Wrestling With the Notion Not to Fall in Love

Wrestling With the Notion Not to Fall in Love

Movies have ruined my life; they taught me that people fall in love at the drop-of-a-hat (I should stop wearing hats).  With that said, I tend to look for my ‘meet-cute’ everywhere I go.  Believe it not, it’s exhausting (my apologies to people who have real-world problems).  So do I stop doing it?  Of course not.

I went to watch my nephew’s son (my grandnephew, I think) wrestle one morning at North Hunterdon High School here in New Jersey.  Just as I was about to get out of my car, a white Jeep pulled into the spot in front of me.  The Jeep’s driver and I both exited our cars at the same time (It was fate; this was the ‘meet-cute’ story I’ve waited for).  She was tall, with brown hair, leather jacket, and boots.  I caught up with her and asked, “So, do you know where we need to go?” (Smooth).  She smiled, and replied, “Sure, follow me”. 

We talked and walked.  Introductions concluded, she told me where her son went to school.  She asked me what weight class my nephew wrestled in, but sadly, I didn’t know (horrible Uncle).  She laughed, I laughed, and I slipped in something about an ex-wife.  We were just about to enter the school when she said the words no single man ever wants to hear…

“I know, my husband and I…”

Damn it – end of story.

Already holding the door open for her, I’m sure it would have been rude to abort and enter first (kidding, I’m not that shallow).  Once at the admission table, she took out her phone to call her husband.  Apparently, she had no money (why do all the women I know never carry cash?), and needed him to come up and pay for her.

“Don’t worry about that,” I said, “my treat.”  I paid the five dollar entrance fee for each of us, and inside we went.

Wrestlers and families filled the hallway.  White pages, filled with tournament brackets, taped to the walls, a crowd of people formed to review their ranks.  Through that crowd a man weaved, expertly sidestepping and avoiding parents and wrestlers alike.  He stopped in front of us, then gave me a stare like I stepped on his cat.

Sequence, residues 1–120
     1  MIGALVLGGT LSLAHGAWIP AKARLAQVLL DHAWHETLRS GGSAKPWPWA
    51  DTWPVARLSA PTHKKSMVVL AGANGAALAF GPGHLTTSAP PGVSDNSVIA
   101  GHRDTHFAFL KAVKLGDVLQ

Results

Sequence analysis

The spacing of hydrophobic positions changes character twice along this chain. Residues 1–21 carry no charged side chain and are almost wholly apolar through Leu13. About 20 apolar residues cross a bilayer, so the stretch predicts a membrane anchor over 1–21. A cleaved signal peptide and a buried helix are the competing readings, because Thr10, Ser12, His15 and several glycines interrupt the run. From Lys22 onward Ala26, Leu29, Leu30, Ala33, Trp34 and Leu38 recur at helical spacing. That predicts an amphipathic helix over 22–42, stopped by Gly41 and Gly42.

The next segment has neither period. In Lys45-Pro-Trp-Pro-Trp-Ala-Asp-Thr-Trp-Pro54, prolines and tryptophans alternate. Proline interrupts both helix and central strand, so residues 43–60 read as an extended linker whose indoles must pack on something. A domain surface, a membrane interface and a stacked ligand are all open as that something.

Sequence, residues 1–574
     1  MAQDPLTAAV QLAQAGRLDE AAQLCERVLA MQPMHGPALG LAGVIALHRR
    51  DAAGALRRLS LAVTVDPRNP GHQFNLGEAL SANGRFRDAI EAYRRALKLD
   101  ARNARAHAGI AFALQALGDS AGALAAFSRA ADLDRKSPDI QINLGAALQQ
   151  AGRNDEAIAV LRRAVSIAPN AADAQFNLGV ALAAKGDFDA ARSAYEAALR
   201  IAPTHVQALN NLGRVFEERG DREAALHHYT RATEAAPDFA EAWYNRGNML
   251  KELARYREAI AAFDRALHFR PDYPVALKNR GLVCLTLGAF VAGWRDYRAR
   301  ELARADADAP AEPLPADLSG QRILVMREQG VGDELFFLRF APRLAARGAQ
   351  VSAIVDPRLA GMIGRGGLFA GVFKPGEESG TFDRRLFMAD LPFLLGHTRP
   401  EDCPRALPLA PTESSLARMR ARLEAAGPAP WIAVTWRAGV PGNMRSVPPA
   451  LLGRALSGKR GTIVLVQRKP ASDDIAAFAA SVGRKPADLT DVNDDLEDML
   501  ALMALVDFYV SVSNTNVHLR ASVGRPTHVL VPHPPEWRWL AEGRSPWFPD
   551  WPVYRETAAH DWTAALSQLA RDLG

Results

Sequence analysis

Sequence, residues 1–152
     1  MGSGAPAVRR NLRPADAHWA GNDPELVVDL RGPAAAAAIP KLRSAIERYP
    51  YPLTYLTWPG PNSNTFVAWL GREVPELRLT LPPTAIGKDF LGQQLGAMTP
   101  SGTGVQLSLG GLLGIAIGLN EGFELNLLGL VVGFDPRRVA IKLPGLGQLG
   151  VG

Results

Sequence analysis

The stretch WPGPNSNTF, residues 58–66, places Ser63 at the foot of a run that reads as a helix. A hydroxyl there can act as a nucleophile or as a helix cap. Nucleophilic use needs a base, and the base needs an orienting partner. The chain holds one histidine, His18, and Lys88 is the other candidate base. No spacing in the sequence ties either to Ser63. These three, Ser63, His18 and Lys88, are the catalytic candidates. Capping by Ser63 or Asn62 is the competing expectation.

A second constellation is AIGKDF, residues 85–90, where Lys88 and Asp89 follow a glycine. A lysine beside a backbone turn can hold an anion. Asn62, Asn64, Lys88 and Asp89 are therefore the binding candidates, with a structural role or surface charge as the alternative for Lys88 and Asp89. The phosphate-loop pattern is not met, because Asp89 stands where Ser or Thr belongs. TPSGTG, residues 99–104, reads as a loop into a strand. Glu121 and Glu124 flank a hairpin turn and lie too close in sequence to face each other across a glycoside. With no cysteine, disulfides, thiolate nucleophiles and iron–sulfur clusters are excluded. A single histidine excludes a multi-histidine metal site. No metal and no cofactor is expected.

He turned away from me and toward his wife.  “Who’s this?” he barked.

“Oh, this is my new friend, Al”

Without turning back to me, and not even a grunt in recognition of my existence, he handed me a folded bill, which I took and stuffed it in my pocket without inspection.

However, the look on his face made me wonder how often this woman introduced ‘new friends’ to her husband over the years.

We entered the gym together, and immediately went our separate ways.

It was a big tournament, the gym floor covered with four separate wrestling mats.  Simultaneous matches continued through most of the morning, and into the afternoon.

During those matches she walked passed me once or twice, and we even spoke again for a bit.  It was when I saw her talk to two other men, other than her husband, that I realized it wasn’t meant to be (apparently, her having a husband wasn’t a real deal breaker for me).

After the match was over, I lost her to the crowd (I am giving myself a real stalker vibe now).  On my last trip to get coffee before hitting the road, I reached into my pocket and took out the folded bill her husband had handed me.  I hadn’t realized, but her husband gave me a ten dollar bill, and not a five.

Apparently, hitting on married women is a profitable endeavor.

Out in the parking lot, I walked toward my car, and panicked for second when I couldn’t see it.  Then I realized, the white Jeep she was driving obscured it from my view.

Second time I was blocked that day.

Conflict and Scotch is now also on the Good Men Project Website - click here

Conflict and Scotch is now also on the Good Men Project Website - click here

Love and the Third Degree (Burn)

Love and the Third Degree (Burn)